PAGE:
Statistically speaking, if you are the owner of a website, it is very common to face cyber attacks. And here’s how you can deal with them:
An online business or a website of any size have 67% chances of being cyber attacked and another 83% chances of being victims of phishing. What this means is that you have to be ready for them and the most obvious, but essential way to do it, is passwords.
Make sure they are secure and unique! Don’t just put your name or your date of birth there. Make it hard for them! You should know that cyber attacking programmes don’t spend too much time trying to break your passwords. If they can’t do it easily, they will move on to the next potential victim.
Choose plenty of characters (we would recommend at least 12) and make sure you put a lot of imagination there, with capital letters, numbers, exclamation marks, anything that is not expected to be there. You know you have chosen the right password when you cannot even remember it yourself!
If you have employees, make sure you train them to choose passwords that are difficult to break and ask them to note them down at a programme like KeePassX, which is safe and secure.
An online business or a website of any size have 67% chances of being cyber attacked and another 83% chances of being victims of phishing. What this means is that you have to be ready for them and a pretty safe way to do it is by making sure you do all the necessary updates.
You probably didn’t know this, but if your software is outdated, it becomes insecure and it offers the perfect ground for hackers and attackers to act. And since it’s not something that requires special skills, we would recommend that you put this in your top priorities.
Don’t feel bad if you forget these things. Just put it in your online calendar and technology will make sure you remember to update your software regularly. After all, simple things like that can save you from a lot of trouble!
#3 HTTPS & SSL Certificates
An online business or a website of any size have 67% chances of being cyber attacked and another 83% chances of being victims of phishing. What this means is that you have to be ready for them and the safest way to do it is by using HTTPS and SSL certificates.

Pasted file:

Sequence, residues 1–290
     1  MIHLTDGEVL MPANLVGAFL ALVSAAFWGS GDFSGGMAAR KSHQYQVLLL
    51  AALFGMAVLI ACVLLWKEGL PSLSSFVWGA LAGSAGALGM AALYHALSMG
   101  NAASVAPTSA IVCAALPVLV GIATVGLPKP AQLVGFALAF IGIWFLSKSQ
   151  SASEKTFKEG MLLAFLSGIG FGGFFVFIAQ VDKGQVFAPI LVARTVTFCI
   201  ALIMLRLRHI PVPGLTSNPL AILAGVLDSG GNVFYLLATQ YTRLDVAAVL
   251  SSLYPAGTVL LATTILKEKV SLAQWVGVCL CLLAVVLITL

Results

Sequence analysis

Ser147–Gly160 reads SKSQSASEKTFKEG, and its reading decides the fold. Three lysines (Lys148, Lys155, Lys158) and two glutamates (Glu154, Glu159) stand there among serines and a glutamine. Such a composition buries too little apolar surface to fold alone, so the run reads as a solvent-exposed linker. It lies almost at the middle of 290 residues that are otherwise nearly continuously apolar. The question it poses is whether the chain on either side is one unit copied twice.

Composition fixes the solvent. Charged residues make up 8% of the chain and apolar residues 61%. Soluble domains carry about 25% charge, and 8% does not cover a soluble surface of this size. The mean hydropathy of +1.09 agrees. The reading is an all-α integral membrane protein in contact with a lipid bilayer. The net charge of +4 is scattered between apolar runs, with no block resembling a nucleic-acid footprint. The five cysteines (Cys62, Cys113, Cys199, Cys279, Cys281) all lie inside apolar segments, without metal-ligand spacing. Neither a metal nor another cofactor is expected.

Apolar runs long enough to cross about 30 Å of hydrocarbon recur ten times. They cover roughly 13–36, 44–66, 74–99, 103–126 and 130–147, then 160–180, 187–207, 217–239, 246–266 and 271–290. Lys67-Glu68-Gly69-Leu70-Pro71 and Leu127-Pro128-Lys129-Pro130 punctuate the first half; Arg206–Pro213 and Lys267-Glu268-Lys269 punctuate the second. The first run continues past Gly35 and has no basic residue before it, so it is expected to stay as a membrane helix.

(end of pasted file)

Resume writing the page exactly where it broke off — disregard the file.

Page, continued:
Let’s start with explaining what HTTP is: When you connect to a website, your browser finds the IP address that corresponds to the website, connects to it and considers that it is connected to the correct web server. All the data is sent over this connection but you never really know if you’re actually connected to the right website, are you?
This is where the “S” at the end comes. This “S” means Security and when you connect to an HTTPS secured server, sites -such as your bank- will redirect you to HTTPS. Automatically, your web browser will check the website’s security certificate and will verify that you are actually visiting your bank’s website.
An SSL Certificate is a data file that digitally bind a cryptographic key to an organization’s details. When this is installed on a web server, it allows secure connections from a web server to a browser, making credit card transactions a lot safer, as well as data transfers or logins.
So, all you have to do is activate HTTPS and install SSL certificates on all of your web URLs, as well as your subdomains, as they usually receive admin passwords. Their cost is exceptionally low, but their role is increasingly important.
#4 Phishing awareness
An online business or a website of any size have 67% chances of being cyber attacked and another 83% chances of being victims of phishing. What this means is that you have to be ready for them and one of the best ways to do it is by knowing what phishing is.
You must have heard of at least one incident where someone opens an e-mail and ends up either revealing a username and password for something very important, or just clicking a link that creates doom’s day for the e-mail server of an entire company. Don’t be that guy.
These e-mails are obviously fake and they’re designed to trick you into giving your password or any other confidential details. The purpose may vary, but the catastrophe is the same. The only way to avoid it is by being aware of it and acting accordingly.
If there are employees in your business, you can train them, so that they can easily identify and delete phishing emails. If you cannot do that, ask them to contact you or someone responsible for this, whenever they see something that looks even remotely suspicious.
You can also install and use email signing certificates that are very helpful and save you from too much trouble. Spam filters can also be very useful in this case, as they can automatically identify and reject phishing e-mails.
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